D.C. Circuit Affirms Conviction of Jack Abramoff Associate Kevin Ring

Here is the opinion.

An excerpt:

In 2004, a Department of Justice investigation into Jack Abramoff’s lobbying team unearthed evidence of corruption so extensive that it ultimately implicated more than twenty public officials, staffers, and lobbyists. Appellant Kevin Ring, once a prominent Washington lobbyist, was one of them. Exposing the dark underbelly of a profession that has long played an important role in American politics, this case probes the boundary between legal lobbying and criminal conduct. Ring was convicted of honest-services fraud, paying an illegal gratuity, and conspiracy relating to his provision of meals, tickets, and other gifts to public officials. On appeal, Ring argues that the district court’s instructions on the honest-services counts misstated the law, that the jury lacked sufficient evidence to find that an “official act” underlay the illegal-gratuity charge, and that the district court ran afoul of Federal Rule of Evidence 403 and the First Amendment when it admitted evidence of his lawful campaign contributions. Although each of these arguments is weighty, we ultimately affirm Ring’s conviction.

Harvard Law Review Book Review by Richard Hasen of Jack Abramoff Book

Here.

Excerpts:

One of his greatest faults, he explains in a bit of false modesty, was that he was giving away too much money to charity while he was raking in funds from competing Native American tribes and taking money on the side for his  consulting work with business partner Mike Scanlon in an arrangement he did not disclose to his clients (pp. 166, 193).

And:

At many points in the book, Abramoff describes himself in the best possible light. He downplays his business prowess in explaining his questionable SunCruz dealings with Adam Kidan (p. 138). He further says that it “never occurred to us” that his use of a nonprofit organization to launder funds from Native American tribes to himself and Scanlon was illegal (p. 190). He even hedges on the main charge of self-dealing with the tribes:

I neglected to tell my clients how much I was profiting from these grassroots efforts. I reasoned that the tribes and clients were happy with their victories, that our efforts were priced in accordance with their value and that they were paying what they agreed to pay to stop threats they identified to us, after proper fee negotiations. Plus, I wasn’t even keeping the money I made anyway. I was giving away upwards of 80 percent ofmy income for good causes and to help people. What could possibly be wrong with any of this? (p. 193)

 

HuffPo: Tribes Confront Abramoff

Here.

An excerpt:

Another tribe targeted by Abramoff and Scanlon was the Saginaw Chippewa of Michigan. When the Chippewa tribal council was reluctant to offer a big lobbying contract to the two men in 2001, they poured money into tribal elections to elect a slate of tribal leaders who would approve a $150,000-per-month deal. (The previous lobbyist for the tribe had made $10,000 per month.) The new council would also approve a bloated contract with Scanlon’s consulting firm, which again split the profits with Abramoff.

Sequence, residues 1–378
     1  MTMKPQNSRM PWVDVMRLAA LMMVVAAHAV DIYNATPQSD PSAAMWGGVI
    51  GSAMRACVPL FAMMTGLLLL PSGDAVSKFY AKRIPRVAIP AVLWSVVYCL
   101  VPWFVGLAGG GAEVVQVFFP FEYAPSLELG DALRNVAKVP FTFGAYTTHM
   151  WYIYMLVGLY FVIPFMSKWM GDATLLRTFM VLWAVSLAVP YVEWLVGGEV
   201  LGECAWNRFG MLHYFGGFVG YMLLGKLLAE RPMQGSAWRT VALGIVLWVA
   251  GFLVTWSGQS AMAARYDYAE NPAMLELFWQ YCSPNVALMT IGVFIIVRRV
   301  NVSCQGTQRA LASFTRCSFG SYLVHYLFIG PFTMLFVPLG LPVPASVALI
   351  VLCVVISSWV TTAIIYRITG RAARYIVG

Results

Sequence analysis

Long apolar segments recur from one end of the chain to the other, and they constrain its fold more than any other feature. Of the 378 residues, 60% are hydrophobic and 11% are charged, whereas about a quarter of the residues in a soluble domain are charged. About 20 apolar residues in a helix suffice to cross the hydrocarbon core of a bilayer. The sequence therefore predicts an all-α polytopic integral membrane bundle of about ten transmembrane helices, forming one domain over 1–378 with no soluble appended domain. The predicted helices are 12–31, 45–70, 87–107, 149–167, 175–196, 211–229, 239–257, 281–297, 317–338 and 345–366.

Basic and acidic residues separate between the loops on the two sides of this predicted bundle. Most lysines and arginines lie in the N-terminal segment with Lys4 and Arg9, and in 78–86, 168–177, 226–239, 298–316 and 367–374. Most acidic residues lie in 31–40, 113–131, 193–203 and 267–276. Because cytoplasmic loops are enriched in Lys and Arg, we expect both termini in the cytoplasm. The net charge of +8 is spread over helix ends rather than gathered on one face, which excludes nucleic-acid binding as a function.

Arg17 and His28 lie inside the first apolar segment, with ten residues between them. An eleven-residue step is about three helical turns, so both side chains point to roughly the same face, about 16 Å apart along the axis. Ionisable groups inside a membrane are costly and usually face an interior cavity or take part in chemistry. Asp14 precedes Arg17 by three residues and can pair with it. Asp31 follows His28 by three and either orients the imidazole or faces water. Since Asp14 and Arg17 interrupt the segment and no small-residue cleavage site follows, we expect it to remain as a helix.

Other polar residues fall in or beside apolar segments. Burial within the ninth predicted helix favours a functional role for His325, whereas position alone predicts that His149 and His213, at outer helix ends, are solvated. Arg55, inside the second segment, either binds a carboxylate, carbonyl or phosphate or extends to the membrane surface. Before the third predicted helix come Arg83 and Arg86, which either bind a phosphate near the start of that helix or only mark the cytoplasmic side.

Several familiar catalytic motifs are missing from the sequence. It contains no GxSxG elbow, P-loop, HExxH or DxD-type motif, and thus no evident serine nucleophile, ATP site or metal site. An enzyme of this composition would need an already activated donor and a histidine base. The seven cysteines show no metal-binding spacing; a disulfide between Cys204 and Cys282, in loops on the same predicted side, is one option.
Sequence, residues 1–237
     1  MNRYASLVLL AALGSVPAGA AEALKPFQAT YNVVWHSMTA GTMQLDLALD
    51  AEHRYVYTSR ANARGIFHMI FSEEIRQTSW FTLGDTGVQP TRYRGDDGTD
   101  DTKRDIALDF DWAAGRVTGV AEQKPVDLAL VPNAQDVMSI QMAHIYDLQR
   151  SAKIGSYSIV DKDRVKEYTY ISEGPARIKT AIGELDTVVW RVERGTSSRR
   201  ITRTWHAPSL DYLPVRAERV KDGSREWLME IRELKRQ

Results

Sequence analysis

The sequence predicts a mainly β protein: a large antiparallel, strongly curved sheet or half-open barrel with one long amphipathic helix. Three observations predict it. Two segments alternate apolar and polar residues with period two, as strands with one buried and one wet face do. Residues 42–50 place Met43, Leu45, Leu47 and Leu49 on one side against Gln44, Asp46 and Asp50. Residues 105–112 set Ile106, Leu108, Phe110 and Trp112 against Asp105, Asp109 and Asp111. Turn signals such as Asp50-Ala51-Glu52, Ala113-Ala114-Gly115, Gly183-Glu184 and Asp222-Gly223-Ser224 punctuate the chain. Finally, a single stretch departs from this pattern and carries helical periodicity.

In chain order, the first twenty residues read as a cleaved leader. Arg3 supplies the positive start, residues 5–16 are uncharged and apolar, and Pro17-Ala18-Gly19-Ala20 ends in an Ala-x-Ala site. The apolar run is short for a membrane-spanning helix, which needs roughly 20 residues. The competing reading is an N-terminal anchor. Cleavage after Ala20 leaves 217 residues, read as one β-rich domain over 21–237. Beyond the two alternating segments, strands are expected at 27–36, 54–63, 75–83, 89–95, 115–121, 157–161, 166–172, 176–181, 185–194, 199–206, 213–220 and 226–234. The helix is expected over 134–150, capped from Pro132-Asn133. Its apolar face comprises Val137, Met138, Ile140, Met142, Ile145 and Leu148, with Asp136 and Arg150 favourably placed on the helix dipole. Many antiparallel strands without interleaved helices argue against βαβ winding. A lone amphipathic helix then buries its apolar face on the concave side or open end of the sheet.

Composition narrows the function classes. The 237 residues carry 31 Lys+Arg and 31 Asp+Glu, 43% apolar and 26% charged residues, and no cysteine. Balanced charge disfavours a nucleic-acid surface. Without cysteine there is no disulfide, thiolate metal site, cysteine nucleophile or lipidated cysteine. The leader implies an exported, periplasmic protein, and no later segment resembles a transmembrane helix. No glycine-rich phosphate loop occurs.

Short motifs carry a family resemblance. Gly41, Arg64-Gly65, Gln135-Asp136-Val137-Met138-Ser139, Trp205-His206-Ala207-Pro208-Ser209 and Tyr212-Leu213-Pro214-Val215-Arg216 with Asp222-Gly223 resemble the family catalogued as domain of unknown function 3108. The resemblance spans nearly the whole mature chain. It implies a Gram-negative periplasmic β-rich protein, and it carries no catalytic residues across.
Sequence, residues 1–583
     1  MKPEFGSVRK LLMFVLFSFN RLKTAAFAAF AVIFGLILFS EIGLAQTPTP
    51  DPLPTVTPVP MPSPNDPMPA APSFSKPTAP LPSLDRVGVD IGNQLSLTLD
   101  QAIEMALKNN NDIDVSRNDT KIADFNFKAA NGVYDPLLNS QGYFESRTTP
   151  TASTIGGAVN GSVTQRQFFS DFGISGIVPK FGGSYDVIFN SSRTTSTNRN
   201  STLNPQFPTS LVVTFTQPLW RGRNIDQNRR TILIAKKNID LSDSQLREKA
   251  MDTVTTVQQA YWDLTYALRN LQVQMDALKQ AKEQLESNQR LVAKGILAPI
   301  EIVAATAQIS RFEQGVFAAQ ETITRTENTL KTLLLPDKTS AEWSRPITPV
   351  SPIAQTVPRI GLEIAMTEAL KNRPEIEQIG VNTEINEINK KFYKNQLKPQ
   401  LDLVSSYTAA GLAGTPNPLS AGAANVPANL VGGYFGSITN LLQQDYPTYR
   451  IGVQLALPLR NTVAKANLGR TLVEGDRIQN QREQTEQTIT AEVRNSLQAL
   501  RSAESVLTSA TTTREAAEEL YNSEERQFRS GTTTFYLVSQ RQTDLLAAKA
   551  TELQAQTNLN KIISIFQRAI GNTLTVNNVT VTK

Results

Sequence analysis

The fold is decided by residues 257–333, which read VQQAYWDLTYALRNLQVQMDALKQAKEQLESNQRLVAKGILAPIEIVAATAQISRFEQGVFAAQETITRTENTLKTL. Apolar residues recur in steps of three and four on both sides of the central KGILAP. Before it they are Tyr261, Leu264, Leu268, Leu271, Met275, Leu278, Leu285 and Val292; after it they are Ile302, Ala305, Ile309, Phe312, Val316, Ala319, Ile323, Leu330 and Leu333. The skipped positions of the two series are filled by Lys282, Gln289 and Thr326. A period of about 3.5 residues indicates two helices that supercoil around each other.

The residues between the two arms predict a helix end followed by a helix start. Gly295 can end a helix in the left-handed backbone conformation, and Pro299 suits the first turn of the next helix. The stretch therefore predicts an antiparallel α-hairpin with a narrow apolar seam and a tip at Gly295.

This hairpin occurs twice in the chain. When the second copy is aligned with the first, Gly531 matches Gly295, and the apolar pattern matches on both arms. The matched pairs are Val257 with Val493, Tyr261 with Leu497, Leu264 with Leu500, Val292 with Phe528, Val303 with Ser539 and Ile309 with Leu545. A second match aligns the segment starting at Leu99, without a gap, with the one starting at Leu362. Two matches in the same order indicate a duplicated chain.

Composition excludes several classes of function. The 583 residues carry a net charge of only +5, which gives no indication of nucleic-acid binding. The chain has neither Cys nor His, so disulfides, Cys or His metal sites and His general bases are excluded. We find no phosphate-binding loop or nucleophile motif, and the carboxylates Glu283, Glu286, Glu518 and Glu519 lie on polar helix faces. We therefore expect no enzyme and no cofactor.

Monica Lubiarz-Quigley, a lawyer who once represented the Chippewas, said she was pushed out of her job after she raised questions about the high-priced contracts that tribal leaders were signing. She views the reemergence of Abramoff as a voice of reform with skepticism.

“It’s business as usual in Washington,” Lubiarz-Quigley said. “Certainly the tribes and what happened to the tribes seems to be like an ‘Oh, well,’ and it doesn’t surprise me. … That’s how the insiders in Washington see it. They’re not terribly concerned with what happened to the tribes. And that’s how they got away with it in the first place.”

Disbarment of Former DOJ Official Involved in Abramoff Scandal

An excerpt from BLT:

The D.C. Court of Appeals today disbarred a former U.S. Justice Department lawyer who pleaded guilty in Washington federal district court to a conflict of interest violation stemming from the Jack Abramoff lobbying scandal.

Robert Coughlin II, who served as deputy chief of staff in the Criminal Division, consented to disbarment from the District of Columbia bar, the appeals court said in an order (PDF) published today.

Coughlin had been under interim suspension since June 2008. He pleaded guilty in April 2008 in U.S. District Court for the District of Columbia to one count of conflict of interest. Coughlin was not immediately reached for comment this morning.

Prosecutors said Coughlin acknowledged receiving gifts from former Greenberg Traurig lobbyist Kevin Ring, who was also charged in the Abramoff investigation. Ring and Coughlin were close friends, socializing regularly.

Coughlin helped Ring get a $16.3 million grant for the Chocktaw Tribe to build a jail. Coughlin received thousands of dollars in concert and sporting event tickets and restaurant trips.